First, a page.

FRIDAY, JAN. 25:
Question: My 88-year-old mother recently fell and cracked her hip. She had to stay in the hospital after the surgery but is better now, She no longer needs the 24-hour care of the hospital and wants to be released. I work so I cannot look after her while she is at home and she will still need IV antibiotics, wound dressing, help to just be at home, etc. Her insurance doesn’t cover this, so what are we supposed to do? At the hospital she’ll get the care covered, but if I take her home we have to pay out of pocket.
Answer: Your dilemma is unfortunately common. At any time there are about 12 patients at the hospital in a similar situation. People who don’t need acute care but remain in hospital beds because families can’t take them home.
This is risky for patients, costly for insurers and the government, and an inconvenience for families who would prefer to see their loved ones in the comfort of their homes.
Currently there is work underway to remedy this situation. Legislative changes are in the works to include home health/medical care in the minimum insurance package, the Standard Hospital Benefit (SHB).
This means it would be covered by any insurance policy and by existing patient subsidies.
The changes would require that in order for a hospital stay to be covered by SHB it would have to be medically necessary. Once a patient doesn’t have a medical need for a hospital bed, they would need to be discharged and the home healthcare benefit under SHB would kick in to cover the medical care needed at home.
Question: Is it noted in The Act that once a person terminates from their health insurance policy that they are covered for 30 days after that date for HIP benefits only? If so, please direct me to the location in the Act.
Answer: As you may know, employers are required by law to provide hospitalization insurance to their full-time employees and their non-employed spouses as per the Health Insurance Act 1970.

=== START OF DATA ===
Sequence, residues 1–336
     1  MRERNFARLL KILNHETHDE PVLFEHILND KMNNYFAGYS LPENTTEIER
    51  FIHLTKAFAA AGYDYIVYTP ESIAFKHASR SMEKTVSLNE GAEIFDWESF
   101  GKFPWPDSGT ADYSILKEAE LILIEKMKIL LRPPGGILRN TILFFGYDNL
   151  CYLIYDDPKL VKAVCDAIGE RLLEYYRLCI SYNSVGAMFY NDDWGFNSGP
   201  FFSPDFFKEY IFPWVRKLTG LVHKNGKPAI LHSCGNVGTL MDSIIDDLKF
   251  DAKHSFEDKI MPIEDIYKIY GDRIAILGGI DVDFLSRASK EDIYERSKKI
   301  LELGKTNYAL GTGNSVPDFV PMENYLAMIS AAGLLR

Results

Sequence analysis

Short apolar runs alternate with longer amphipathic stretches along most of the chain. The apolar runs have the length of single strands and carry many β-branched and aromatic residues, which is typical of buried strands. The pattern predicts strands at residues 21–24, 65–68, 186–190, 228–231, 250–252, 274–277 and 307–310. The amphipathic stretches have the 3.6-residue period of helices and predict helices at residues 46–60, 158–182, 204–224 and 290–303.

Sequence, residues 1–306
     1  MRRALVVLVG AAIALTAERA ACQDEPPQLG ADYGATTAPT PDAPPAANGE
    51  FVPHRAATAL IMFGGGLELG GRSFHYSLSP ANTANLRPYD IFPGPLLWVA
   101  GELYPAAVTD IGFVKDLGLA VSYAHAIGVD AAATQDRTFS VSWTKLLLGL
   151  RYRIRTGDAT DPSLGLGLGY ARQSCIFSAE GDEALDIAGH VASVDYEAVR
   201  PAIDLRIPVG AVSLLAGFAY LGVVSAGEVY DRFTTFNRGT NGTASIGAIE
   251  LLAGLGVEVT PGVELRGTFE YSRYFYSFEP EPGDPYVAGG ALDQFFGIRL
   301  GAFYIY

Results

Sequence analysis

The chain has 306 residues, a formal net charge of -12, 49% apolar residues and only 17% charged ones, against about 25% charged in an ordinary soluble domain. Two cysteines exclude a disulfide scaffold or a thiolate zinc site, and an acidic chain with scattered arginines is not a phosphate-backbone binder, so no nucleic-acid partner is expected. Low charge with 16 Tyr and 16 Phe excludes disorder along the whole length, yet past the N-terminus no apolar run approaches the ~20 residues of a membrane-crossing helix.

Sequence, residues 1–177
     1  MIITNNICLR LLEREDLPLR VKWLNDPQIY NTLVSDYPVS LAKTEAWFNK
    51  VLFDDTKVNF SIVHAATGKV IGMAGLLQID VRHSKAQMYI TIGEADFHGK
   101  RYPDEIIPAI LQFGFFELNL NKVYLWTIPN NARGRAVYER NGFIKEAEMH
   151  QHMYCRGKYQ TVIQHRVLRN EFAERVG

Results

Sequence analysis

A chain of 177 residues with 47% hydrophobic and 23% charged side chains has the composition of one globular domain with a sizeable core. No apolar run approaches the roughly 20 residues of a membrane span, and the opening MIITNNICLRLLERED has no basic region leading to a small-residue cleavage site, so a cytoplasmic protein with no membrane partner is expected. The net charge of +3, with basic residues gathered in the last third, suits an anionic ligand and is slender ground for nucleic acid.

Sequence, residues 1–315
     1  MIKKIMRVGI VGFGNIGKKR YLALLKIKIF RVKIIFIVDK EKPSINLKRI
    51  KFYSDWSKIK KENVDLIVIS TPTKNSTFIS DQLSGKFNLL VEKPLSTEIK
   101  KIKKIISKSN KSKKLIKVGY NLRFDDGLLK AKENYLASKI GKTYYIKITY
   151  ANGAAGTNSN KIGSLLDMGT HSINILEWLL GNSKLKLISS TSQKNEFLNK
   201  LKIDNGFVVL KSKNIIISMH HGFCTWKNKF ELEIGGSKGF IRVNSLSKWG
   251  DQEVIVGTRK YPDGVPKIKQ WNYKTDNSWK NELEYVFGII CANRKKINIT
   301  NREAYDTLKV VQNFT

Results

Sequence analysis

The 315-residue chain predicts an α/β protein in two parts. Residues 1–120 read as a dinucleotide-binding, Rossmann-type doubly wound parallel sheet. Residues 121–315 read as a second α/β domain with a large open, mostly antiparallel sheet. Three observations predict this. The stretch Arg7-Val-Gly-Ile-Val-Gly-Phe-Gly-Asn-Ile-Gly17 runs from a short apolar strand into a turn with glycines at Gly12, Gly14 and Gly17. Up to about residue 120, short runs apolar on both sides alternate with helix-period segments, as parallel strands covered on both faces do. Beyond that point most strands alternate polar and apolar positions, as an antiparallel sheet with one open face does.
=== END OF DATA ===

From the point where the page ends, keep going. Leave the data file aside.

This requires coverage for not less than the Standard Hospital Benefit (SHB) and NOT for HIP. Those who are self-employed are also required by the aforementioned Act to obtain health insurance.
If an employee willfully leaves their employment or is terminated from their position, the employer is required under the Health Insurance (Cover) Regulations 1971 to continue to provide not less than the Standard Hospital Benefit (SHB) coverage for a period of four weeks. Section 5 of the Regulations, states: “…where a person ceases to be compulsorily insured by an employer whether by virtue of the termination of employment or otherwise, and does not become compulsorily insurable by any other employer, the first mentioned employer shall continue to provide health insurance cover in respect of that person for a period of four weeks from the date on which that person ceased to be compulsorily insurable by that employer.”
The difference between SHB and HIP is important. Employers are only legally mandated to provide SHB, though most provide additional coverage and no insurer sells SHB as a stand-alone product (exceptions are made where legally necessary).
SHB covers only hospitalization, while HIP has additional supplemental benefits like doctors’ visits. HIP is the Government’s Health Insurance Plan that is offered as an affordable insurance policy to individuals or groups.
As stated in the Regulations in Section 4, if you find employment within the four weeks from your termination, your previous employer will be liable for not less than your SHB coverage until the 1st of the month following the first day of your new employment.
Clear as mud? For example, if you left your current employer today January 25th, then coverage from your current employer would continue until January 31st.
If by February 1st you do not have an employer or another health insurance contract, you will be covered until February 22nd or four weeks from your termination date by your previous employer.